1. In this case there were certain partition proceedings in the revenue Court the applicants being defendants Nos. 1 – 5 in the suit before us. The Plaintiff in the suit before us raised the question of proprietary title. On the 3rd of August 1921 the plaintiff was directed by the Assistant Collector to bring a civil suit. The fifth issue framed in the first Court was as to whether the civil Court had jurisdiction, objection being taken by the defendants that the Assistant Collector had framed issues and decided to try them and that he had ne power to so change his mind. The trial Court decided this issue and also all the other issues against the defendants and decreed the suit. The lower appellate Court Cussed the suit on the preliminary point that the revenue Court had no jurisdiction to change its mind and refer the matter to the civil Court
2. For the appellant here it is pointed out that the revenue Court had not gone further than framing issues and fixing the date for final disposal, and that in fact no evidence or other enquiry was made. The lower appellate Court has based its decision on the principle of the decision in the case of Jamna Prasad v. Balmukand (1904) 36 All. 225. That principle is that if the revenue Court has once referred the matter to the civil Court, it has no further power to deal with the matter at all until the matter has been decided by the civil Court. The case was decided before the amendment of the law, but that is quite immaterial to the present case. The principle of that decision clearly was that the revenue Court by having referred the mater to the civil Court has become functus officio and has no further jurisdiction to touch the case. That principle is wholly inapplicable to the present case. It cannot possible be suggested that even if the revenue Court had jurisdiction to pass the order complained against, that; jurisdiction was wanting because it was functus officio. If it had no jurisdiction, the reason must be sought elsewhere.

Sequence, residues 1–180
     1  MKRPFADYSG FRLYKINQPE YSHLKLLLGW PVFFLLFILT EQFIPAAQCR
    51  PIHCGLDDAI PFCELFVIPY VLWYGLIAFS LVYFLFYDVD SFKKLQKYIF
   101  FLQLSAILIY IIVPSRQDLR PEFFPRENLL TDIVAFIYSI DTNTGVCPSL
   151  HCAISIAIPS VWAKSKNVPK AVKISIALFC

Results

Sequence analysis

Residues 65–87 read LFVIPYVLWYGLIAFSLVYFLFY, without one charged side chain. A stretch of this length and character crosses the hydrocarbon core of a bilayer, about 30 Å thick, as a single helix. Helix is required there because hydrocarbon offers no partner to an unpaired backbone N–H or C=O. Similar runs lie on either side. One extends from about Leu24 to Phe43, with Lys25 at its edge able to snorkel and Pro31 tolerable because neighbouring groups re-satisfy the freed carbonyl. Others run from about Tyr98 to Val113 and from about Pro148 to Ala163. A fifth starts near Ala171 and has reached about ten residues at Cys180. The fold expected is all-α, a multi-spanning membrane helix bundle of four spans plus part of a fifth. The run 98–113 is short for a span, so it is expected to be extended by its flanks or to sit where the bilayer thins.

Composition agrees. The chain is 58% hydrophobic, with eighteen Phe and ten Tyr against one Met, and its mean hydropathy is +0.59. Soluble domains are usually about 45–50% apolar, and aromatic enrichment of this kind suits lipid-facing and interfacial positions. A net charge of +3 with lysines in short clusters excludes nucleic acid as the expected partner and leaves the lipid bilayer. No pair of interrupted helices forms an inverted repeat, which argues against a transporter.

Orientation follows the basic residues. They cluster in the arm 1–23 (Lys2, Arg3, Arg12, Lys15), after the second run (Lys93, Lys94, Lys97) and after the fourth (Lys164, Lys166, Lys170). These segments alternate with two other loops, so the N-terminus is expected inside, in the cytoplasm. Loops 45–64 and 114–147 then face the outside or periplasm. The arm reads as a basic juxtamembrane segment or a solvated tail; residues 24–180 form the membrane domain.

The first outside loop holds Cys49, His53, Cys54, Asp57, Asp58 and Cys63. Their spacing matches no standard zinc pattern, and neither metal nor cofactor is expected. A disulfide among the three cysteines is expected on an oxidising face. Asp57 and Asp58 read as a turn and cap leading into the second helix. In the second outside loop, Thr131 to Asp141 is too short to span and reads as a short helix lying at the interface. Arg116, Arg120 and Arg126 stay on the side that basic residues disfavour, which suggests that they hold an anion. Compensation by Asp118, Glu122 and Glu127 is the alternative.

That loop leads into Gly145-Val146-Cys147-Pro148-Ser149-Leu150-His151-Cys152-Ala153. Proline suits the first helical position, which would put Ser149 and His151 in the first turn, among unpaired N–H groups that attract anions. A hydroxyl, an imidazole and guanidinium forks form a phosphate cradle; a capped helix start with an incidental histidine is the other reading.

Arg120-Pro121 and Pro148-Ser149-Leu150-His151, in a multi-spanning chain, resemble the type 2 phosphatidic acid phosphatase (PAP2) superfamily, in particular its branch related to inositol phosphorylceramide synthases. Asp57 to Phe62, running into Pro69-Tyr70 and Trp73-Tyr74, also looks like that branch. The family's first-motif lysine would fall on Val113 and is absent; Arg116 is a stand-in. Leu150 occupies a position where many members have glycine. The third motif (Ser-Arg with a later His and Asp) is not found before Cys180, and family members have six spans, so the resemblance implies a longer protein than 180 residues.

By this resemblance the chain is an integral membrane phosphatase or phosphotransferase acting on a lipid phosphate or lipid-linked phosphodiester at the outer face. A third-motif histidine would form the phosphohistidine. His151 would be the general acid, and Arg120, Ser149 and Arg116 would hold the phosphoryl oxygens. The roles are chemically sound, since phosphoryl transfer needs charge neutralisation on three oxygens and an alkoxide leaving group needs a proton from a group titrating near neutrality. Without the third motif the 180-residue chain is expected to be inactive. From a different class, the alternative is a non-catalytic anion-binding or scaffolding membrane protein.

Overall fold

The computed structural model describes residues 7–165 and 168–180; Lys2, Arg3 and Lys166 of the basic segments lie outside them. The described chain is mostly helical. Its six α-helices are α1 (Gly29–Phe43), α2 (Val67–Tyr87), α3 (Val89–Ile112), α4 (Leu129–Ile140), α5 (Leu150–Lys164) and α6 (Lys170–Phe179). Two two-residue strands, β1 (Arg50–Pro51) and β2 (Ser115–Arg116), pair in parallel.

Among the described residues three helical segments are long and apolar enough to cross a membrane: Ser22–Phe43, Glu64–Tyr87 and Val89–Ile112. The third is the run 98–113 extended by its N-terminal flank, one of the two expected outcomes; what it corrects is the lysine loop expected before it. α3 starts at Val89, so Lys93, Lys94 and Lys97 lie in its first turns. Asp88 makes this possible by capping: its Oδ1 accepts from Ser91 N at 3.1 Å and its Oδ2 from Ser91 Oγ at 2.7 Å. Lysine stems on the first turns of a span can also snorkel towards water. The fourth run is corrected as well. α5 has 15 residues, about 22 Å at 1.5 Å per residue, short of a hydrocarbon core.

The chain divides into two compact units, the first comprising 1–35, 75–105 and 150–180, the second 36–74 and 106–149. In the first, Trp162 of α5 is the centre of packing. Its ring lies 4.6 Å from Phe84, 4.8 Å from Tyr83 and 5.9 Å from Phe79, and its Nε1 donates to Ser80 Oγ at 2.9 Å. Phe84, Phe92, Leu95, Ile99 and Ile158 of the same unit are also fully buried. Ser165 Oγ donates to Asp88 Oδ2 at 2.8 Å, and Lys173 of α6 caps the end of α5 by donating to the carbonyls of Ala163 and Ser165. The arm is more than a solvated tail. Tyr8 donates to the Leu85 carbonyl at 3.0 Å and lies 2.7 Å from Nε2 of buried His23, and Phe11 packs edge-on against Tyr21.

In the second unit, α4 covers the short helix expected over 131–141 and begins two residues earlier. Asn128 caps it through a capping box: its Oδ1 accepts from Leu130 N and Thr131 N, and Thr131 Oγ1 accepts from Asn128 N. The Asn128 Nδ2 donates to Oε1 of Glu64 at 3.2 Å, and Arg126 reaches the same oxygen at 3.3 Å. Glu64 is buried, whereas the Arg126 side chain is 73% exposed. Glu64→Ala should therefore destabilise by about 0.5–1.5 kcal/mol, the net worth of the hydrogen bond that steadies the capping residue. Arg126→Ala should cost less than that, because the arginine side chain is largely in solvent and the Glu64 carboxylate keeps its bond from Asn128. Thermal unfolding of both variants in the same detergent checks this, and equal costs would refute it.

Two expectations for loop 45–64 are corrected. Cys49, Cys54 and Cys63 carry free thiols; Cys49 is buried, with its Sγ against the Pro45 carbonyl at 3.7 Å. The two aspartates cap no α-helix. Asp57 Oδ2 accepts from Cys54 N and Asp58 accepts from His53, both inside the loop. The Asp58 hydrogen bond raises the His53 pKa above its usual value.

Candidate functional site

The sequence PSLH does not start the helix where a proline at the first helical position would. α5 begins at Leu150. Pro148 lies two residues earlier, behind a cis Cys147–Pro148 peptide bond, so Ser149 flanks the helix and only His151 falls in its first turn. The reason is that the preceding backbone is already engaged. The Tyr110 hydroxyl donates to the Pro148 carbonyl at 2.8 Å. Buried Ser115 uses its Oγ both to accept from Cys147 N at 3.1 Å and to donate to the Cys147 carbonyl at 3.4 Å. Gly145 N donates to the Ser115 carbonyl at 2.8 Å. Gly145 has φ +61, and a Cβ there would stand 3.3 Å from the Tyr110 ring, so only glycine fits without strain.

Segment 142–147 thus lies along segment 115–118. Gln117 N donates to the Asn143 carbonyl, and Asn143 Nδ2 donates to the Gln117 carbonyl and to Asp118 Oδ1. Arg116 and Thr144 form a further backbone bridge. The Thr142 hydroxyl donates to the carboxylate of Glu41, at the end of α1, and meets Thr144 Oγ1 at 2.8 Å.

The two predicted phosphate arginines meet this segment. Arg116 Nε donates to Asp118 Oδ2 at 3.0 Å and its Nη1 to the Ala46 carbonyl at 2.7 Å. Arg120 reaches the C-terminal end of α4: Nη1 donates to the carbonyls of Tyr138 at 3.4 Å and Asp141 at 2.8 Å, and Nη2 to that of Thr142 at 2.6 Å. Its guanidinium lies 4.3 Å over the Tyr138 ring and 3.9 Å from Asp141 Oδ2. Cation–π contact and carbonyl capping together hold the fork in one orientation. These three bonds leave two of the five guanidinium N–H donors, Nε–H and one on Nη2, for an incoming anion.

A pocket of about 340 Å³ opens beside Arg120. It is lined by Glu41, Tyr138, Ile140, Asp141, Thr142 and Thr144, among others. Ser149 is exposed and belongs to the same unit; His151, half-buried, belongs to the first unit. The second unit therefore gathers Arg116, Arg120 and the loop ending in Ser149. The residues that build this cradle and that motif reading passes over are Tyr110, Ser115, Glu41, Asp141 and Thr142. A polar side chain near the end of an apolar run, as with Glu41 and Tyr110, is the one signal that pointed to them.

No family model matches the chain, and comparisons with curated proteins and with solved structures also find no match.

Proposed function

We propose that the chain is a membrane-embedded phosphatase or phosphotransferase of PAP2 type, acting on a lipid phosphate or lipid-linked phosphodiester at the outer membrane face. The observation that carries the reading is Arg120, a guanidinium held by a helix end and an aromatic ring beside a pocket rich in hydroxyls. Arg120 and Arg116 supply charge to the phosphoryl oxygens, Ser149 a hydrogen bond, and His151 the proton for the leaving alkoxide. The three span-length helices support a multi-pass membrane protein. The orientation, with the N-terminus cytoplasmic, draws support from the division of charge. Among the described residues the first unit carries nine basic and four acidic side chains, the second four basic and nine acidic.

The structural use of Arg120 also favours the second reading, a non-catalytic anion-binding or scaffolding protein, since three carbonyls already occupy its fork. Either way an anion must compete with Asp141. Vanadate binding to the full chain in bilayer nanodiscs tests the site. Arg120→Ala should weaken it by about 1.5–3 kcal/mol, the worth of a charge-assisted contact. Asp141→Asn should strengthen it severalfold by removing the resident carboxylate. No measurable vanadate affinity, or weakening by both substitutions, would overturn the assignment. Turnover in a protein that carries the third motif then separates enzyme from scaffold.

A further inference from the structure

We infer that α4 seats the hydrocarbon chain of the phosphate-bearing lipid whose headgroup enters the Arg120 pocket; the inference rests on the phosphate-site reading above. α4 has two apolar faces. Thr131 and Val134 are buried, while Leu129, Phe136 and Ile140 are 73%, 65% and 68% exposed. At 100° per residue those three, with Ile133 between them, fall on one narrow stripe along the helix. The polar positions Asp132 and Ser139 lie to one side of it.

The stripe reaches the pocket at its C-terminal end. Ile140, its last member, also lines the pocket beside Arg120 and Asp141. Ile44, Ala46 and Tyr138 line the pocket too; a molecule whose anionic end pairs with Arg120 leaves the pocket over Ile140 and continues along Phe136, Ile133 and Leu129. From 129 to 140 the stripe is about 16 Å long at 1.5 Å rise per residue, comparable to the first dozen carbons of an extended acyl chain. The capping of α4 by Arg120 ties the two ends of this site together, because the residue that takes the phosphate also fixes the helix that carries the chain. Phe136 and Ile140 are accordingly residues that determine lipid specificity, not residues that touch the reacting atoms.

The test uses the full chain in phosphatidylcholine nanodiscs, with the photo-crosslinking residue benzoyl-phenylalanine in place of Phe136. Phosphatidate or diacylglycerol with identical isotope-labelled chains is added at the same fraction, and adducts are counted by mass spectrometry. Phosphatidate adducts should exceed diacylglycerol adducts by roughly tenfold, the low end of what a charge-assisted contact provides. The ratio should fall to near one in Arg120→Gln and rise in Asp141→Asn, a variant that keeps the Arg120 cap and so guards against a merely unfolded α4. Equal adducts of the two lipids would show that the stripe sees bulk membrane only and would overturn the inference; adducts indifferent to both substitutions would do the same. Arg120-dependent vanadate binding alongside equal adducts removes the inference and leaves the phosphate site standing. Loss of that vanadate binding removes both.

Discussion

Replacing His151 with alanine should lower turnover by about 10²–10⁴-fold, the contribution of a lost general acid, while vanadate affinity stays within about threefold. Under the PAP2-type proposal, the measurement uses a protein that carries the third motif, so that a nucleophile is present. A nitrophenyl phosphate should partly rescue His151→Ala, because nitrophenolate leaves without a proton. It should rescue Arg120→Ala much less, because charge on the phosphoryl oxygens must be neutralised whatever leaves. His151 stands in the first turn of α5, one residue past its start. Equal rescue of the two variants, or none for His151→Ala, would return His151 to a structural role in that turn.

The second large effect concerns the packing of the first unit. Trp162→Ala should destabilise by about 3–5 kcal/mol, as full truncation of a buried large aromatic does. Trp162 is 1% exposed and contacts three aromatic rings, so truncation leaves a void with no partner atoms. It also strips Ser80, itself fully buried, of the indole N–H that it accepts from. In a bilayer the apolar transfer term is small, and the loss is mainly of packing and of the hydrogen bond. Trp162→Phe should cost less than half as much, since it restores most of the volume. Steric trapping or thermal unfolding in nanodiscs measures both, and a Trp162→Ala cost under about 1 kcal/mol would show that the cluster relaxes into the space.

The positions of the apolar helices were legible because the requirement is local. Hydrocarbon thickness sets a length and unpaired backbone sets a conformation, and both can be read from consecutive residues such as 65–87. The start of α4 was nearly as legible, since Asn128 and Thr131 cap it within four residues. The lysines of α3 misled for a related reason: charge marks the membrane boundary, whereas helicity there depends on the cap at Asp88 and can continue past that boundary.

3. For the respondents here it is again urged that the revenue Court having once framed issues and fixed a date for final disposal could not change its mind and refer the matter to the civil Court. We do not agree. It is clear that when objections based on a plea of title are, taken in the revenue Court, it must give the matter some consideration in its own mind, as to what are the questions it will have to decide, and it must inevitably hear something of the matter before it comes to a decision as to whether it would enquire into the matter itself under Sub-clause (c) or whether it will refer it to the civil Court Under an earlier sub-clause, There appears to us to be nothing whatever in the section to prevent the Court from referring the matter to the civil Court after it has gone to the length of framing issues. After all the issues really are only a clear way of stating what is the question in dispute for determination. Further, we think that such action is not prohibited in any way by any rule of commonsense. If, after the Court has gone as far as framing issues, it becomes apparent to it that the question is of such complexity that it should not proceed to enquire into it itself, it is only commonsense that it should then refer the matter to the civil Court, and as we have said, we find nothing in Section 111 opposed to this course. For respondents it was urged that if a reference to the civil Court may be made at the stage at which it was is the present case, there is nothing to prevent the extension of the principle to permitting a revenue Court to refer the case even after it has taken evidence. We should be prepared to go as far as that. We think that the revenue Court may be trusted to make up its mind at an early stage of the proceeding. For these reasons we think that the order of the trial Court on this preliminary objection was correct, and that of the lower appellate Court was wrong.
4. I agree with my learned brother, and I only wish to add that a suit for a declaration like the one in this case, is cognizable by the civil Court, except where Section 233 K of the Land Revenue Act bars it. In this case the bar can be removed by the revenue Court by an order under Section 111, Clause (b). I am of opinion that the order of the revenue Court directing the present plaintiff to institute the suit was a removal of the bar, and, therefore, the suit was entertainable.
5. The order of the Court is that the appeal is allowed and the order of the lower appellate Court is set aside, and the casa is remanded to the lower Court for trial according to law. Appellant will get his costs.